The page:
By providing music content and utilizing every conceivable new media platform, (including the digital and mobile space), 1720 is firmly pointed toward the future dynamic evolution of the music/entertainment industry. For further information visit: www.1720entertainment.com.
Clark Sisters Reunion Tour Announced
(Oct. 1, 2007) The Clark Sisters have officially announced their nationwide concert tour, The Clark Sisters Reunion tour to kick-off on October 4 in Nashville.
In July 2006 about 10,000 fans flocked to Houston , TX for a historic concert billed “Clark Sisters: One Last Time.” They thought they would witness the final combined performance of gospel music's top selling female group of all time. Again in April 2007 Tennessee was the location for a more intimate live DVD/album recording also dubbed “On Last Time.” However, the demand for this exuberant ensemble just won’t die down with an end nowhere in sight. Sorors by birth unified by a calling from God, Twinkie, Jacky, Dorinda and Karen, are taking their intrinsic, flawless harmonization on the road in this 25-city, cross country praise and worship trek , The Clark Sisters Reunion tour . This will be the first time all four of the ladies have toured together in twenty years, as each each has pursued a successful solo recording career while they group was on a hiatus.
The tour will coincide with the October 2nd release of the Clark Sisters' CD/DVD Live--One Last Time, which will now be available in a double-disc, limited gift edition. The EMI Gospel release, the group's first in 13 years, was originally released in April and reached Number One on the Billboard Gospel Albums chart. The companion DVD of Live--One Last Time also debuted at Number One on the Billboard Christian Music Video chart. The limited edition version combines the two releases, with added bonus footage.
Further, this will not only be a chance for fans to experience the trailblazing group's transcendent vocal gifts, but also for fans to join with the Clark Sisters to raise awareness for a very special cause: the battle against HIV and AIDS.
"This is our chance to share the Gospel and touch the hearts of our many fans through our music ministry, a calling that never ends for us. We are so thankful for the opportunity to make music together again and perform."
The tour partner for the anticipated Clark Sisters' Reunion Tour will be World Vision, a Christian humanitarian organization-providing assistance to children and families in nearly 100 countries. Dawn Williams, a representative of World Vision says, "This tour will be historic and life-changing, as we partner to help children and families affected by the AIDS pandemic in Africa and other third-world countries."
Another participating partner is Gospel Music Channel. Said GMC's Alvin Williams: "We are pleased and honoured to continue our relationship with the Clark Sisters from our Front Row Live TV special, "Number One DVD," and we get to be up-close-and personal with the ladies and their many fans. We love the ladies and their support of Gospel Music Channel."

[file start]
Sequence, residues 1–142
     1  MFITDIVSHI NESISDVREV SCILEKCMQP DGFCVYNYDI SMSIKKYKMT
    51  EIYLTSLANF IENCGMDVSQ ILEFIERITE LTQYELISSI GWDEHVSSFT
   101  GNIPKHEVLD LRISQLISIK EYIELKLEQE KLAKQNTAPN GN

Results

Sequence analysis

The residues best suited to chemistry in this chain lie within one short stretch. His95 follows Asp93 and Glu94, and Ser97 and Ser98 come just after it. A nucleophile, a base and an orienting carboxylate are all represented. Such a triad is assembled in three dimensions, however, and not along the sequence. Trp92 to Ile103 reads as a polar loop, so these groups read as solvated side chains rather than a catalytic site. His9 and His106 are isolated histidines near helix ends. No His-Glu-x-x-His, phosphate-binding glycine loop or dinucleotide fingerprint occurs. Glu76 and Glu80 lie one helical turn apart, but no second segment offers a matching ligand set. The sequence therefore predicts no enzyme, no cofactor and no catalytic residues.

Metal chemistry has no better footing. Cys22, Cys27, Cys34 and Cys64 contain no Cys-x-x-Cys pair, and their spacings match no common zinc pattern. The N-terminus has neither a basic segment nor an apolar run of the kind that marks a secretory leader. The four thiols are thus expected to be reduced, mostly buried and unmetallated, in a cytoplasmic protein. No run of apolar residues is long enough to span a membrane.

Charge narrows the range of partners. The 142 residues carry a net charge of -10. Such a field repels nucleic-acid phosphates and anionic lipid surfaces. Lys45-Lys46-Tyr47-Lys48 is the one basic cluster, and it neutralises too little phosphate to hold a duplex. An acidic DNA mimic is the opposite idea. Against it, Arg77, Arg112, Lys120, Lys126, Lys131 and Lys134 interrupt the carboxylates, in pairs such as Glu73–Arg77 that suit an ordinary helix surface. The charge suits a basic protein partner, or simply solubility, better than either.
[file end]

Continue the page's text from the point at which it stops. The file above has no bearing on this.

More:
"We are honoured to produce The Clark Sisters' first national tour in 20 years, says Shawn Tate, President of Tate & Associates, Inc., the promoters. "They are a quintessential Gospel vocal group whose relevance has stood the test of time. They have influenced the careers of many noted artists and are a significant factor in pioneering contemporary Gospel music."
The Clark Sisters' years of music ministry, which includes their hits "You Brought The Sunshine" and "Is My Living In Vain"--continue to influence and inspire people all over the world. Their inspiring sounds have also sparked admiration among such contemporary stars as Mariah Carey, Yolanda Adams, Mary J. Blige, Missy Elliott, Kelly Price and Faith Evans. In June, the Gospel Hall of Fame members were honoured with the President's Merit Award at the 2007 Grammy Salute to Gospel.
More information about the Clark Sister 2007 Reunion go to their website: www.theclarksisters.com. For more information on Gospel Music Channel go to www.gospelmusicchannel.com.
THE CLARK SISTERS REUNION TOUR DATES
(Cities are subject to change.)
Thursday 4-Oct Nashville , TN
Friday 5-Oct Toledo , OH
Saturday 6-Oct Milwaukee , WI
Tuesday 9-Oct Oklahoma City , OK
Thursday 11-Oct Phoenix , AZ
Friday 12-Oct Las Vegas , NV
Saturday 13-Oct Hayward , CA
Sunday 14-Oct Seattle , WA
Friday 19-Oct Memphis , TN
Saturday 20-Oct Atlanta , GA
Thursday 25-Oct Birmingham , AL
Friday 26-Oct Cincinnati , OH
Saturday 27-Oct Jackson , MS
Wednesday 31-Oct Baton Rouge, LA
Thursday 1-Nov Shreveport , LA
Friday 2-Nov Houston , TX
Saturday 3-Nov Dallas , TX
Sunday 4-Nov Austin , TX
Monday 12-Nov New York
Thursday 15-Nov Philadelphia
Friday 16-Nov Baltimore , MD
Saturday 17-Nov Greensboro , NC
Sunday 18-Nov Dayton , OH
Tri-Ni-Tee 5:7 Interview
(Oct. 1, 2007) Tri-ni-tee 5:7 is back, and as bold and beautiful as ever. The epitome of their name (based on the Holy Trinity ), they remain one in the spirit, business and their craft. Adrian Anderson, Chenelle Haynes and Angel Taylor, are the vocal triune that make up Tri-ni-tee 5:7. Arriving on the scene with a triple dose of holy glam, ear-snatching vocals and synchronized choreography the trio has literally been through the storm and rain. New Orleans natives, Chenelle and Angel and their families were relocated to Manhattan Beach, CA after Hurricane Katrina consumed their belongings. Considering this trial, they are especially thankful to be celebrating ten years in the music business with their September 18 debut release on Spirit Rising Music (Matthew Knowles' gospel label), entitled T57. Described as their very DNA, T57 represents their maturity and evolution as artists. The 3 platinum-selling sirens penned most of the songs on the project making it truly personal ( although there are other writers such as Solange Knowles).